Are you capable of answering that question?

That the necessity of the players to come immediately to the league’s demands instead of stepping down while still having it not be a “bad deal” is nil.

Again, ““In real dollars how much money do you think that entails versus a step down in two seasons?”

Are you capable of answering that question?

Guys, this isn’t rocket science. 

Garth, you think that since the 100 million dollar charge doesn’t extend off into infinity it’s not a big deal.  That’s stupid.  100 mil is 100 mil.  It’s a significant amount. 

JJ, you think that the players can give up more and more and more revenue int he short term on a deal that is going to absolutely pay them a lower percentage over time and you think that, somehow, the players could ever make revenue lost in the short term up in the long term.  That is also stupid.

Garth’s position is stupid because 100 mil is a significant amount worth negotiating over.

JJ’s position is stupid because the players share of revenue is largely profit while the owners share of revenue is largely expenses.  Because of this, and also because this negotiation will result in every outcome with the players receiving a lower share of HRR, it is supremely stupid for the players to pass up 1.8ish B of revenue in order to try and secure ~100 mil of revenue.

That’s really, really stupid.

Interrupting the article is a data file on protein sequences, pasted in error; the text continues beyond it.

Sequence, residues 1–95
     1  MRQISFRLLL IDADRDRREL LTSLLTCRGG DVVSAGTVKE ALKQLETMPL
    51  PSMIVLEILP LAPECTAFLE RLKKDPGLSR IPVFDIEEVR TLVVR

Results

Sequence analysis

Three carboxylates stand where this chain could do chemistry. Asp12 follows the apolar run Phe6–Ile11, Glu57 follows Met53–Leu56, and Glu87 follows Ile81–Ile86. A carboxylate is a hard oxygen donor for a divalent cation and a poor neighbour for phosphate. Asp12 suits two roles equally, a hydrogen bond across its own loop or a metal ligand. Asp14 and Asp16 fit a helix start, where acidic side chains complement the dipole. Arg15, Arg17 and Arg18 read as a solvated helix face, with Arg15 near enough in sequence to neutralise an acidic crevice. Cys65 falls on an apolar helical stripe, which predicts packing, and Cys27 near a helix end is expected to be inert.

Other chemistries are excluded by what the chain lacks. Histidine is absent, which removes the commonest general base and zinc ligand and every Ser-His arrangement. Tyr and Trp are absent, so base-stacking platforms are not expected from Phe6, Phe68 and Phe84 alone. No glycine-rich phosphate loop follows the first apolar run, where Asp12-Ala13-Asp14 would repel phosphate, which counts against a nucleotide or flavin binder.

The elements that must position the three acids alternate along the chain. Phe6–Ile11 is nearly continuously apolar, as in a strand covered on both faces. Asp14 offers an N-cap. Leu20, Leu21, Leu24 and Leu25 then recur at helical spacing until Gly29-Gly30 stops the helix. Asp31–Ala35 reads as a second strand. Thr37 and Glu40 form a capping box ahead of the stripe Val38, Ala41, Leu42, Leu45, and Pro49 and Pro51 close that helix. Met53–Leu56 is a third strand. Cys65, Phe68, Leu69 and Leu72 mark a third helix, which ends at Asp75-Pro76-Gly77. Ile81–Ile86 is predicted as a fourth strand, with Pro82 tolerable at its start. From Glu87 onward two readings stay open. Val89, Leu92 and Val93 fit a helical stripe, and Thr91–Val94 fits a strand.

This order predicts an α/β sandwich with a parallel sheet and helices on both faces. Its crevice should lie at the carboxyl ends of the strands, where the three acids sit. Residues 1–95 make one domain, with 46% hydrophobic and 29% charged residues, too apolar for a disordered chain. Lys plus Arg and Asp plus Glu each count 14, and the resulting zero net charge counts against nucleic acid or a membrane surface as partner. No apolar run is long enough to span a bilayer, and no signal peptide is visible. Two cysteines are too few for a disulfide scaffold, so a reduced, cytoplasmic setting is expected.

The players would have made more, as a group, playing 6(7) years under a flat 50-50 deal than they would make if they got 5(6) years of a CBA at the old 57-43.

And there is no way they were ever going to get 57-43.  At any other kind of deal that steps down to 50-50 their level of stupidity increases exponentially.  As in literally, exponentially.

The smart, business decision would have been to cave immediately to 50-50 and bargain strongly on the contractual issues.  The stupid, roided up ‘Bettman Sux!’ decision would have been… to do exactly what they are doing.

This isn’t a pro-player or pro-owner thing.  It’s being able to comprehend reality and function competently within it.

Posted by HockeyinHD on 11/21/12 at 11:54 AM ET

WingsFaninCO's avatar

Posted by HockeyinHD on 11/21/12 at 10:54 AM ET

Adds a completely new level to the terms “hypocritical” and “jackass”

Posted by WingsFaninCO on 11/21/12 at 12:08 PM ET

redxblack's avatar

Profit is all money left after all expense. World class hockey talent is an expense, not a part of profit. How can the players be taking the profits when they are an expense? Further, everything you’re offering in this thread contradicts what you’ve been saying for weeks about why players should capitulate because they’d make up any losses in a few years.

Posted by redxblack from Akron Ohio on 11/21/12 at 12:34 PM ET

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Paul Kukla founded Kukla’s Korner in 2005 and the site has since become the must-read site on the ‘net for all the latest happenings around the NHL.